But what if we wanted to use color to give us some additional information? For example, what if we wanted a different color used for each genera we recorded? In this case, we would need to give R a vector that had a color value to correspond with each case. There are a few ways to do this, but since we know that our shellfish data lists the 9 Mya counts first and the 9 Mercenaria counts second, we can just use rep to create a vector of 9 “blue” and 9 “orange”:


We could add this to our dataframe, but it isn’t really data about shellfish, only data we use for plotting purposes, so we’ll keep it as a separate vector. As long as it is the same length as each column (18), R can interpret it as corresponding to those values. So we just replace “blue” with shellfishColors:


And now the plot looks like this:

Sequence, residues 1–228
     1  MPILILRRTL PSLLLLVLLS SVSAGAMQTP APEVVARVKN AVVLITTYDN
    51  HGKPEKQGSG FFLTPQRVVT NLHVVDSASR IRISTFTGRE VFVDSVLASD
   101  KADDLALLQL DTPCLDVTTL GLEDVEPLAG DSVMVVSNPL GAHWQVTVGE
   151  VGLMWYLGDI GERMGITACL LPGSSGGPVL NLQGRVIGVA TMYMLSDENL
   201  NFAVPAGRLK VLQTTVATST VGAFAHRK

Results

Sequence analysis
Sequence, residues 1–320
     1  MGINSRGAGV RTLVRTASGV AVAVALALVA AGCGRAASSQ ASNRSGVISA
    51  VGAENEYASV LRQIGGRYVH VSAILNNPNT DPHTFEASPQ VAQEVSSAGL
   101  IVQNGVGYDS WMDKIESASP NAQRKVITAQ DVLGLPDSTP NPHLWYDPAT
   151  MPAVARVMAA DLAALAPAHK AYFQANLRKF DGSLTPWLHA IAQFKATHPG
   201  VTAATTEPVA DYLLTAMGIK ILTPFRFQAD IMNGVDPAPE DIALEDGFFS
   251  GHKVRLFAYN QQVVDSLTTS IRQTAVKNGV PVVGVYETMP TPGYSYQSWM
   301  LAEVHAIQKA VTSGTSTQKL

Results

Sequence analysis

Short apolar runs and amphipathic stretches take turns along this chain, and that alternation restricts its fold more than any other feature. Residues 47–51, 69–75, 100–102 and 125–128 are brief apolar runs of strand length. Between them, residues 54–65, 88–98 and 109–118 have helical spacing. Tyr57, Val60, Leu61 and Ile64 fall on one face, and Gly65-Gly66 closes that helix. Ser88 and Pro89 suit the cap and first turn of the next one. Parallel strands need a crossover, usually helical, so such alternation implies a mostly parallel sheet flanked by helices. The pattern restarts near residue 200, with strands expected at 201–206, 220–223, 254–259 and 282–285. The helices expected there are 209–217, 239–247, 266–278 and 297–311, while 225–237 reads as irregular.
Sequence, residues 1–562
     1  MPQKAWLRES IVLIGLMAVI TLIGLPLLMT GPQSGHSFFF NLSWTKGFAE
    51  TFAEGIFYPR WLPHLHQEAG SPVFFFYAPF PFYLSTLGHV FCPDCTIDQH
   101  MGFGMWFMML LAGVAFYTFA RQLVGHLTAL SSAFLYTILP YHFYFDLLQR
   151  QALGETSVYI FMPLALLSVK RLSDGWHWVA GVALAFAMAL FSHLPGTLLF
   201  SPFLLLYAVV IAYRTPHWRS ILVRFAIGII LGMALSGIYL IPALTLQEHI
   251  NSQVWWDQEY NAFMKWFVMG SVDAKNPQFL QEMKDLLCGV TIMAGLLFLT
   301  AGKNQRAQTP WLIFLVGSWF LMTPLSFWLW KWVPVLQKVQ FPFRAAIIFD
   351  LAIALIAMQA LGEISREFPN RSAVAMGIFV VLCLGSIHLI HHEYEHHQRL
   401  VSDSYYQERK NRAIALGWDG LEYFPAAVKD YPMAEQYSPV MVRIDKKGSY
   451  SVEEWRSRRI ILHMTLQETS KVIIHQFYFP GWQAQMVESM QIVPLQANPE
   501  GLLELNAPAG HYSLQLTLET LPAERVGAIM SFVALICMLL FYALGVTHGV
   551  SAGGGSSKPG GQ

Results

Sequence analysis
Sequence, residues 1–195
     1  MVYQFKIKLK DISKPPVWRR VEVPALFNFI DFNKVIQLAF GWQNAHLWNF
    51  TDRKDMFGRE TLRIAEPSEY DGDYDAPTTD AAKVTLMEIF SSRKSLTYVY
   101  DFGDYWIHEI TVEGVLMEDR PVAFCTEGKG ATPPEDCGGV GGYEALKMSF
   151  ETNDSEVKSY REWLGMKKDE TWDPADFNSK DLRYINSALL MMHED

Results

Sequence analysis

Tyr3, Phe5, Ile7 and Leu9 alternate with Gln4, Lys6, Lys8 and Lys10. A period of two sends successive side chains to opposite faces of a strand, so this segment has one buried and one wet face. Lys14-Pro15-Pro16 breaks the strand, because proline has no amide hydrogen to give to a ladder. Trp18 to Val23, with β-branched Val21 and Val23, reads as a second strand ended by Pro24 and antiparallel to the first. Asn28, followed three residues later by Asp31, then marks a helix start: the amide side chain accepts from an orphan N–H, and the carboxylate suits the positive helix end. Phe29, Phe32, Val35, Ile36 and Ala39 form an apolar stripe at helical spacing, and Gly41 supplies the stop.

The color helps show a pattern in the data. One genus (Mya) seems to be smaller in places with fewer counts and larger in places with higher counts, while the other (Mercenaria) doesn’t seem to have this relationship. This helps illustrate why visualization is important: it helps us to quickly identify patterns in the data that may not be obvious just by looking at a table.

Axis labels and titles

Right now, the labels on our x and y axes are just the column names we gave to the plot function. We can override these using the xlab and ylab arguments, which take a character string:

plot(shellfish$count,shellfish$meanLength,pch=16,cex=1.5,col=shellfishColors,xlab="Number of Individuals",ylab="Mean Shell Length")

We might also want to add a title to our plot. This is done with the main argument: